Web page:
Sen. Claire McCaskill, D-Mo., will officially face Missouri’s Republican Attorney General Josh Hawley in November in what could be one of the year’s closest Senate races. The race will likely center on McCaskill’s vote this fall on Supreme Court nominee Brett Kavanaugh. Before any primary votes were cast, Hawley criticized McCaskill for listening to her party leaders over Missourians, and took out an ad suggesting she would vote against Kavanaugh. McCaskill is one of 10 Democratic senators running for re-election this year in a state that Donald Trump won in 2016, and her Supreme Court decision could be a deciding factor for voters in the general election.
Voters in Missouri also handily rejected a ballot measure that would keep in place the so-called right-to-work law. Under that law, private sector employees in unionized workplaces do not have to join the union or pay a fee. Like Wisconsin, Missouri is a Midwest state with a Republican legislature and governor. But unlike in Wisconsin, Missouri voters sided with the unions Tuesday. This is a big win for the labor movement.
The Trump factor
It was a decent night for politicians who got Trump’s stamp of approval. In Michigan, Trump-endorsed candidates Schuette and John James won their Republican primaries for governor and Senate, respectively. And Hawley, who Trump held a rally for in Missouri recently, easily won his primary in Missouri. Trump took credit for the result in the Ohio special election, tweeting, “When I decided to go to Ohio for Troy Balderson, he was down in early voting 64 to 36. That was not good. After my speech on Saturday night, there was a big turn for the better.” In the too-close-to-call Kansas governor’s race, Trump sent out a late endorsement of Kobach. We’ll see if the president’s praise can get Kobach over the hump.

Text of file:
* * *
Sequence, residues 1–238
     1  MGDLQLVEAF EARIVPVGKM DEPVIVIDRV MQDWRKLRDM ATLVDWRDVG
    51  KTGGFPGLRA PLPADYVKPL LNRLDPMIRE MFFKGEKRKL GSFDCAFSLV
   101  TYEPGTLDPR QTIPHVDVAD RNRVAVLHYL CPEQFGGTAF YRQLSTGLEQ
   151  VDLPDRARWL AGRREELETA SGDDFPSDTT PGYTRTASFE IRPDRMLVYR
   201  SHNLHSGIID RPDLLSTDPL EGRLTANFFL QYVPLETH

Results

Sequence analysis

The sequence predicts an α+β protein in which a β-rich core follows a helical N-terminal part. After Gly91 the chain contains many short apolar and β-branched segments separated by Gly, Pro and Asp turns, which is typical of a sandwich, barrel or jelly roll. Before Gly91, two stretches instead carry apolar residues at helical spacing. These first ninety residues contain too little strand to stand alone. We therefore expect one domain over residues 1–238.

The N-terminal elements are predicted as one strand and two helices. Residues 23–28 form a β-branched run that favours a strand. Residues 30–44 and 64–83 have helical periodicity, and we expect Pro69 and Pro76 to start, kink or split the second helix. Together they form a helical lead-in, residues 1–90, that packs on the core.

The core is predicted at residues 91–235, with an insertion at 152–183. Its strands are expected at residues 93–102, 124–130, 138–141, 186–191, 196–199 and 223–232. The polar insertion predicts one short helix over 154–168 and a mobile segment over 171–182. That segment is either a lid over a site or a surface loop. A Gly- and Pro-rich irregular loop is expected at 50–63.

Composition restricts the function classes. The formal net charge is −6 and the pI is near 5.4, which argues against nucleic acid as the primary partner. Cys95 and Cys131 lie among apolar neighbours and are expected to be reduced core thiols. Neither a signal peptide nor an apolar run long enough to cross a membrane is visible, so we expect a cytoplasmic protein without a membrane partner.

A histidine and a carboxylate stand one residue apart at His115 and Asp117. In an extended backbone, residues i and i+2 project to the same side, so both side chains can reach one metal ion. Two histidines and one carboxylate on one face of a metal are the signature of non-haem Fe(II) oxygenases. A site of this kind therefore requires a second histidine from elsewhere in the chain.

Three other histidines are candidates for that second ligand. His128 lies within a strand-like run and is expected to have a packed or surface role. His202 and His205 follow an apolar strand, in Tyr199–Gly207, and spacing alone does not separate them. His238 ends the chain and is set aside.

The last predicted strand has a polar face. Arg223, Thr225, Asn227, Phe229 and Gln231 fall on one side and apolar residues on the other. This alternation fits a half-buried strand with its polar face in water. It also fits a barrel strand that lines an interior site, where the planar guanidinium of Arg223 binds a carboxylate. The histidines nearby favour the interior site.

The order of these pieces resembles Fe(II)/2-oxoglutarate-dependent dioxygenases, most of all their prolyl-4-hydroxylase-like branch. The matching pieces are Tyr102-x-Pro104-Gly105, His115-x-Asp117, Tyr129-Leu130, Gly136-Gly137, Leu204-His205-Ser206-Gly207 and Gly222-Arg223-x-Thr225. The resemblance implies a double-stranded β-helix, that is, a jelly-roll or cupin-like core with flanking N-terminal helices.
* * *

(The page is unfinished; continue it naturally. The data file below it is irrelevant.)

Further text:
A bad night for Bernie Sanders
Sen. Bernie Sanders, I-Vt., has been using the midterms to back a slate of candidates that are on the more progressive end of the Democratic Party. But Tuesday, the candidates he backed in the Michigan governor’s race and a House race in Missouri came up short. Abdul El-Sayed lost his primary to the more moderate Whitmer in Michigan, and Cori Bush didn’t come close to unseating incumbent Democratic Rep. William Lacy Clay in Missouri.
A bluer Washington?
The state of Washington could get even bluer come November. Republicans have a tough fight to defend two seats in the state this cycle, and we got a preview of that in last night’s primaries, which follow a top-two format where the two leading primary vote getters move on to the general, regardless of party.
First, a member of Republican leadership is in a surprisingly close race to keep her job. Votes are still being counted, but GOP Rep. Cathy McMorris Rodgers only leads her Democratic challenger by less than half a percent. Democrats are also trying to pick up a seat held by retiring Rep. Dave Reichert, a moderate Republican in a district Clinton won by 3 percent. The district has been held by a Republican since it was created in 1983. Votes are still being counted, but a Democrat will make the cut off to face Republican former state Sen. Dino Rossi in November.